Answer: The amendments are effective for all filings made 30 days after publication in the Federal Register. In light of the anticipated timing of effectiveness of the amendments and expected proximity of effectiveness to the filing date for most filers’ quarterly reports, the staff would not object if the filer’s first presentation of the changes in shareholders’ equity is included in its Form 10-Q for the quarter that begins after the effective date of the amendments. For example, assuming an effective date of October 25, a December 31 fiscal year-end filer could omit this disclosure from its September 30, 2018 Form 10-Q. Likewise, a June 30 fiscal year-end filer could omit this disclosure from its September 30, 2018 and December 31, 2018 Forms 10-Q; however, the staff would object if it did not provide the disclosures in its March 31, 2019 Form 10-Q. (Sept. 25, 2018)

So the Staff says that although the new rules apply to any filings after the effective date, companies can hold off one quarter on the “Statement on Stockholders Equity.” That’s good news, as this Gibson Dunn blog notes, companies with 12/31 fiscal year ends will be able to wait to make the new disclosure until after their 3rd quarter 10-Q. And no, the rules haven’t been published in the Federal Register yet…

SEC Charges 5 Companies With Foregoing 10-Q Auditor Review

Last week, the SEC charged five companies with failing to have their independent auditors review their 10-Q interim financials. This is the first time the SEC has brought enforcement actions for violations of the Regulation S-X interim review requirement – and resulted from a review of filings, Corp Fin comment letters and other metrics that indicated potential violations. Each company agreed to settle the SEC’s charges, with the agency collecting a total of $250k in penalties.

Corp Fin’s New Edgar Guidance for ABS

Recently, Corp Fin issued this set of 12 FAQs for Edgar filings by asset-backed issuers…

Broc Romanek

September 25, 2018

Today: “Pay Ratio & Proxy Disclosure Conference”

Today is the “Pay Ratio & Proxy Disclosure Conference”; tomorrow is the “Say-on-Pay Workshop: 15th Annual Executive Compensation Conference.” Note you can still register to watch online by using your credit card and getting an ID/pw kicked out automatically to you without having to interface with our staff. Both Conferences are paired together; two Conferences for the price of one.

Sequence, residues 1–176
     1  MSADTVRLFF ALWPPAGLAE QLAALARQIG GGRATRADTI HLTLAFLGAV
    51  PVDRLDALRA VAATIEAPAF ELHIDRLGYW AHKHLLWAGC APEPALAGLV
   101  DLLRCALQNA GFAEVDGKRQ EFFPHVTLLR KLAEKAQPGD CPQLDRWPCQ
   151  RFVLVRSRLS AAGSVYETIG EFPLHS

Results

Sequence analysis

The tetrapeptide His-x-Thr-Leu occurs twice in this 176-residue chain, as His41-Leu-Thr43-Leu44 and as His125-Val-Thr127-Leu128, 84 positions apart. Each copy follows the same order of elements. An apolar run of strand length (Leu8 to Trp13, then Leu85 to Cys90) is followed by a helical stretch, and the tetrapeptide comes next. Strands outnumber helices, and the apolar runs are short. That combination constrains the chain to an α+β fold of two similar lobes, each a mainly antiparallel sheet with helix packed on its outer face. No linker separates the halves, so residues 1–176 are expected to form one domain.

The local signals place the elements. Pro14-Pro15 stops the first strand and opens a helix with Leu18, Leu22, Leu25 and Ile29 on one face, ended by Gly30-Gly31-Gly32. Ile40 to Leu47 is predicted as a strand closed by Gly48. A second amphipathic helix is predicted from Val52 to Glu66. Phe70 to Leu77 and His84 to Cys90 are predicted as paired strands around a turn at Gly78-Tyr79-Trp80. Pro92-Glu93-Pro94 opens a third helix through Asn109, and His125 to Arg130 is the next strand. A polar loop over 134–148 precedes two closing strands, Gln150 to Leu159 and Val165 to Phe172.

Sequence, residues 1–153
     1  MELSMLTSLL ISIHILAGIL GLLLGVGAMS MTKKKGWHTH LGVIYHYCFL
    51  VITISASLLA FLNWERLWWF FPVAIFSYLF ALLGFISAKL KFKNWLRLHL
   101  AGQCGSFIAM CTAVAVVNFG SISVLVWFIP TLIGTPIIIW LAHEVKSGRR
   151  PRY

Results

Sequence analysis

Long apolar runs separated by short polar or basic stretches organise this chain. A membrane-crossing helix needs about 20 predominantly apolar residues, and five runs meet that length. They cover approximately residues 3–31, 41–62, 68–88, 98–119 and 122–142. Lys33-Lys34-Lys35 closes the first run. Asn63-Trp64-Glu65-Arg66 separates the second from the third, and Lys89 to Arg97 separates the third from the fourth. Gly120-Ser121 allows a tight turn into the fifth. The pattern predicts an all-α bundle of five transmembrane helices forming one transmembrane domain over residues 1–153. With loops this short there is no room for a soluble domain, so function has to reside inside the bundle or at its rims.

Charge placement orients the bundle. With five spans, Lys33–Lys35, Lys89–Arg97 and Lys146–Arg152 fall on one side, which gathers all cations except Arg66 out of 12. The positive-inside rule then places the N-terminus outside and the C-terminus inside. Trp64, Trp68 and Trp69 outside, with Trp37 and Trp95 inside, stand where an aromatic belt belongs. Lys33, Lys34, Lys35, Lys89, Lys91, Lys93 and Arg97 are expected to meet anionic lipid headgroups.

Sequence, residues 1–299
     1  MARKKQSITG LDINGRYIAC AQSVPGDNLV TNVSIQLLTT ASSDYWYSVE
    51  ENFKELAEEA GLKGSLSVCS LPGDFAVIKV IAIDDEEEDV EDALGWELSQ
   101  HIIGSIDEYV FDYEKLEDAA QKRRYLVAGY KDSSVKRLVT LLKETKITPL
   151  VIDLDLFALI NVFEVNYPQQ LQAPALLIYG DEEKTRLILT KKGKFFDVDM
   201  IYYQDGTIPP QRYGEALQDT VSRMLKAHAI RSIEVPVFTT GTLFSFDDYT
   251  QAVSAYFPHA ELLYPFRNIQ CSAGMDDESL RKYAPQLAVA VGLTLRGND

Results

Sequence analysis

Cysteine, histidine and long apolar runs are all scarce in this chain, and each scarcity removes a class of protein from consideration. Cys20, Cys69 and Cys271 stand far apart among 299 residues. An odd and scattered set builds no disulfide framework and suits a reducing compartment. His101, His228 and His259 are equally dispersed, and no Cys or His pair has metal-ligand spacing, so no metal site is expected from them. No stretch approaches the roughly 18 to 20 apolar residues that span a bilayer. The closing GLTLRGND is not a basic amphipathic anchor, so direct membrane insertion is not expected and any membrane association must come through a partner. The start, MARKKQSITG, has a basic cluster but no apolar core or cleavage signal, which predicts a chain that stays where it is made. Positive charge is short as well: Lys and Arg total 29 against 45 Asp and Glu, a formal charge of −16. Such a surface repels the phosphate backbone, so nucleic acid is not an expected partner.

How to Attend by Video Webcast: If you are registered to attend online, just go to the home page of TheCorporateCounsel.net or CompensationStandards.com to watch it live or by archive (note that it will take about a day to post the video archives after it’s shown live). A prominent link called “Enter the Conference Here” – on the home pages of those sites – will take you directly to today’s Conference (and on the top of that Conference page, you will select a link matching the video player on your computer: HTML5, Windows Media or Flash Player). Here are the “Course Materials.”

Remember to use the ID and password that you received for the Conferences (which may not be your normal ID/password for TheCorporateCounsel.net or CompensationStandards.com). If you are experiencing technical problems, follow these webcast troubleshooting tips. Here is today’s conference agenda; times are Pacific.

How to Earn CLE Online: Please read these “FAQs about Earning CLE” carefully to see if that is possible for you to earn CLE for watching online – and if so, how to accomplish that. Remember you will first need to input your bar number(s) and that you will need to click on the periodic “prompts” all throughout each Conference to earn credit. Both Conferences will be available for CLE credit in all states except for a few – but hours for each state vary; see this “List: CLE Credit By State.”